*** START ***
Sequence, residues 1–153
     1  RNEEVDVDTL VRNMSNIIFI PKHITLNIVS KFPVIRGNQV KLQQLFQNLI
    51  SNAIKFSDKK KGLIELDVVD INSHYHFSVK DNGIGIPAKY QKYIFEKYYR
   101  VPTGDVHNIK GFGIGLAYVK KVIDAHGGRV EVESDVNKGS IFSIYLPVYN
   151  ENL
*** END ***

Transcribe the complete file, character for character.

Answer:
Sequence, residues 1–153
     1  RNEEVDVDTL VRNMSNIIFI PKHITLNIVS KFPVIRGNQV KLQQLFQNLI
    51  SNAIKFSDKK KGLIELDVVD INSHYHFSVK DNGIGIPAKY QKYIFEKYYR
   101  VPTGDVHNIK GFGIGLAYVK KVIDAHGGRV EVESDVNKGS IFSIYLPVYN
   151  ENL